Students hold silent vigil for Michael Brown

Natalie Sullivan

A group of four students held a silent vigil at the Martin Luther King Jr. statue Wednesday afternoon to raise awareness of the events in Ferguson, Missouri, more than three weeks ago.

The students set up the vigil to depict the death of Michael Brown, an unarmed African-American teenager who was killed by a white police officer on Aug. 9 in Ferguson. Ethnic studies senior Hakeem Adewumi lay at the base of the statue in imitation of a dead body, with bullet wounds depicted and fake blood coming out of his head, while three other students held signs with quotes by Malcolm X and Emmett Till, whose death helped mobilize the African-American civil rights movement in 1955.

African studies senior Jasmine Graham said students staged the vigil to raise awareness of the racial dynamics and police brutality that affect others, particularly people of color.

“We just wanted to bring general awareness to the UT community and to people who probably don’t have to face this reality every day,” Graham said.

Graham said she hoped the vigil would promote dialogue among students about racial issues and find a solution to the problem of excessive police violence.

“We want people to start a conversation because I feel like people are afraid to confront things like this,” Graham said. “If enough people are talking about it, something can actually be done.”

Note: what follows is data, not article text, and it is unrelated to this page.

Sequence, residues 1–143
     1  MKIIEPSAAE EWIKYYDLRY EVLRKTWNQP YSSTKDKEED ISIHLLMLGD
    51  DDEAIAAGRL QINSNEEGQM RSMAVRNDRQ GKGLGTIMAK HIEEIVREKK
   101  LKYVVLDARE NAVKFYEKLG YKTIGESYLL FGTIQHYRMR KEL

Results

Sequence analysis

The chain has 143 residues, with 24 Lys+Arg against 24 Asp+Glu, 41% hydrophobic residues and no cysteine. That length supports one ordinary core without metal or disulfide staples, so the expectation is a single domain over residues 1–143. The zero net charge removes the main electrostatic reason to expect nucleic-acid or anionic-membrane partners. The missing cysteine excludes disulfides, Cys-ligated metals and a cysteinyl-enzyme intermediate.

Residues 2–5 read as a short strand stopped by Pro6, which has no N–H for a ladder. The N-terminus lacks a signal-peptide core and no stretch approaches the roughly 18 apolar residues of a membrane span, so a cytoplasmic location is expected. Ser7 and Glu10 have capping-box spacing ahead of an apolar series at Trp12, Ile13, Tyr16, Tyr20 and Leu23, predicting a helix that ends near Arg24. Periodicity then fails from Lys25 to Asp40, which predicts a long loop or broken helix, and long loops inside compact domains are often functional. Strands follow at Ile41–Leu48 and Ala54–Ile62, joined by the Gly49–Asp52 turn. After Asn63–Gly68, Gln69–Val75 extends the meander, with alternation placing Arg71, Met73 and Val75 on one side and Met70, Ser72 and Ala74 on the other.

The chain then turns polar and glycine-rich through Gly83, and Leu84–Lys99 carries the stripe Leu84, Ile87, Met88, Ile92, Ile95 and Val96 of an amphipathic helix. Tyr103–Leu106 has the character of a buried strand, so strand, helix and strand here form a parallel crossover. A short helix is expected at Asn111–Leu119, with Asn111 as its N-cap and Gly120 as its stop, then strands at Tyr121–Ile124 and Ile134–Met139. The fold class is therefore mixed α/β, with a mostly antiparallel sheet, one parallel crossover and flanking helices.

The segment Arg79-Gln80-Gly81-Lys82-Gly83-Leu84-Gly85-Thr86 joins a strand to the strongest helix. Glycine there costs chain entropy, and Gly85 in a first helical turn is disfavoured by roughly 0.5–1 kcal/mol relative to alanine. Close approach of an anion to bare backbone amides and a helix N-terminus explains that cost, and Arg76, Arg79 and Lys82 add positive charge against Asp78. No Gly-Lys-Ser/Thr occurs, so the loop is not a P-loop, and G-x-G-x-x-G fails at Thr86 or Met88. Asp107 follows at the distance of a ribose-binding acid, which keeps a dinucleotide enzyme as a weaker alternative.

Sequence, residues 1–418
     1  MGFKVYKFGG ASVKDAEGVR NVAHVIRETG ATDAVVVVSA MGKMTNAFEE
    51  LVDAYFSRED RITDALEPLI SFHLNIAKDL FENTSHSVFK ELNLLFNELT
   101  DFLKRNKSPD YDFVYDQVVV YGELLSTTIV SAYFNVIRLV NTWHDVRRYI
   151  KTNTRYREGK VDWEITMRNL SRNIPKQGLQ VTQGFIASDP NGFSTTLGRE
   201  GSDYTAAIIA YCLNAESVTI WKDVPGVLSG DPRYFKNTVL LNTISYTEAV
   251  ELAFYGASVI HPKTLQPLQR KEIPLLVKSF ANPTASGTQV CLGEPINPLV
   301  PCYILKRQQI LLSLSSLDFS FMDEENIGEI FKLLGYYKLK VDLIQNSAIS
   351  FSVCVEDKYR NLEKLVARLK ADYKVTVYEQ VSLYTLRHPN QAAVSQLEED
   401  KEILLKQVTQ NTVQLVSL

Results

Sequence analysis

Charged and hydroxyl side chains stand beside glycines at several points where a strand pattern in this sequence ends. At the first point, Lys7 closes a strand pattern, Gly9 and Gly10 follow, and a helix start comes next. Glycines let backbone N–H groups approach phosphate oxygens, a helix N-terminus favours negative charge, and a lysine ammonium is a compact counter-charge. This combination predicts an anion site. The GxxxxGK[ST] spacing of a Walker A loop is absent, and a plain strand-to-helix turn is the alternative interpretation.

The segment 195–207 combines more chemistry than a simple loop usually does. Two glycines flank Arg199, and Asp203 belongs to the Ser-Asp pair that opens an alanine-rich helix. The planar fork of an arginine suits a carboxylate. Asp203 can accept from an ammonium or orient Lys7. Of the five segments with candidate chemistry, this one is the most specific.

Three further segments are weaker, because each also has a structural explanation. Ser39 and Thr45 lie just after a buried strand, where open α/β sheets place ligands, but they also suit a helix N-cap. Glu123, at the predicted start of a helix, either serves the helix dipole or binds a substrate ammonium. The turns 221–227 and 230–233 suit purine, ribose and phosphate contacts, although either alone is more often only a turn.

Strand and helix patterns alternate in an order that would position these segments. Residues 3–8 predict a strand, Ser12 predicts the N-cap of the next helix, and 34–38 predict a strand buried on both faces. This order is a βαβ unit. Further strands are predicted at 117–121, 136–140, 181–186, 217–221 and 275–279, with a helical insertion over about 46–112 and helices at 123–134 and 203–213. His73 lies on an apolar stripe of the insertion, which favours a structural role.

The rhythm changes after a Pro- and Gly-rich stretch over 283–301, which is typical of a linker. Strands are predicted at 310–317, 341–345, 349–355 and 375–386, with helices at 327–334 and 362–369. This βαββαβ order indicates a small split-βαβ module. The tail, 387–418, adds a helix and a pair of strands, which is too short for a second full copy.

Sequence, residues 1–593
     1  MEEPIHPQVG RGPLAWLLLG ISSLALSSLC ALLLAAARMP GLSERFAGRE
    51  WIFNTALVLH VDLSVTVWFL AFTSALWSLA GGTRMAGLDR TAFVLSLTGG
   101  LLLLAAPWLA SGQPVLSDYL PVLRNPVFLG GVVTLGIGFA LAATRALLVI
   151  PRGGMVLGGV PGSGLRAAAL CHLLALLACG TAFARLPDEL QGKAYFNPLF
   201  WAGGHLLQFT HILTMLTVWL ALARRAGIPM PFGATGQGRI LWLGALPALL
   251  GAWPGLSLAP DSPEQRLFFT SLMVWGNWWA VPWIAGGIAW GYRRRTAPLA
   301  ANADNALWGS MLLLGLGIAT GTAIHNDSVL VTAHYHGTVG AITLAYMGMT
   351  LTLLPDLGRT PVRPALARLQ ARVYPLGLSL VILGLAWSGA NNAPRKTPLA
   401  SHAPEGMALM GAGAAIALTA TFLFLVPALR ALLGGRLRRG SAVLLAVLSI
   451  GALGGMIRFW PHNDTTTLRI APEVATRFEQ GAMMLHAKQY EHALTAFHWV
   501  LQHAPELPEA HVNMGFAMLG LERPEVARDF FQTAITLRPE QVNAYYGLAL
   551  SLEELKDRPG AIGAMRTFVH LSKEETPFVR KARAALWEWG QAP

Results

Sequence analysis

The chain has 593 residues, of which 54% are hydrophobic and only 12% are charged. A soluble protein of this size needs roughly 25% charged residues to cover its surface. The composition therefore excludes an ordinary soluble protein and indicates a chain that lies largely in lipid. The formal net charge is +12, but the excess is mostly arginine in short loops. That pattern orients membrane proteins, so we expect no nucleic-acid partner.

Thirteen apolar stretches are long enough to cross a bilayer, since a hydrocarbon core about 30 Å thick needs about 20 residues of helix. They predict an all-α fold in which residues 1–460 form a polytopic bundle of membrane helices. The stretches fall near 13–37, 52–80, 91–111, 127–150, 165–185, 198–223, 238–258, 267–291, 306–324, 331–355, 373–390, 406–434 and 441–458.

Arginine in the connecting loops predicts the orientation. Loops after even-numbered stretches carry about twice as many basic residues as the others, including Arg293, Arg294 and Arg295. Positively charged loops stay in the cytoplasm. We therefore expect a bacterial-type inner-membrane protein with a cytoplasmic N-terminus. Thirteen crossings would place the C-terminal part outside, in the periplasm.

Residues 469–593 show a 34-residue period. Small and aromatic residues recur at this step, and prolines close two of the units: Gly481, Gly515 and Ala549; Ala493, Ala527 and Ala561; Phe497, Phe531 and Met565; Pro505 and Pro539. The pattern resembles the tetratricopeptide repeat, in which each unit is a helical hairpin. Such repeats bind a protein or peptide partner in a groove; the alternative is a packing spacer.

African studies senior Kwanisha West said the group came up with the idea after seeing a group of performance artists stage a similar protest at a park in Philadelphia.

“We saw a video online where a group in Philly did something similar, so we got most of our inspiration for this [vigil] from that,” West said.

The four students wrote the names of people who had been killed in events involving excessive police violence around the country with chalk on the sidewalk near the statue.

Graham said the names showed the widespread occurrence of racism in society today. 

“People might believe that we live in a post-racial society, which isn’t true,” Graham said. “It takes more than one person to overcome something that’s as systemic as profiling or racism in the police force.”

According to Graham, the vigil started around 9:45 a.m. Wednesday and ended around 11:30 a.m.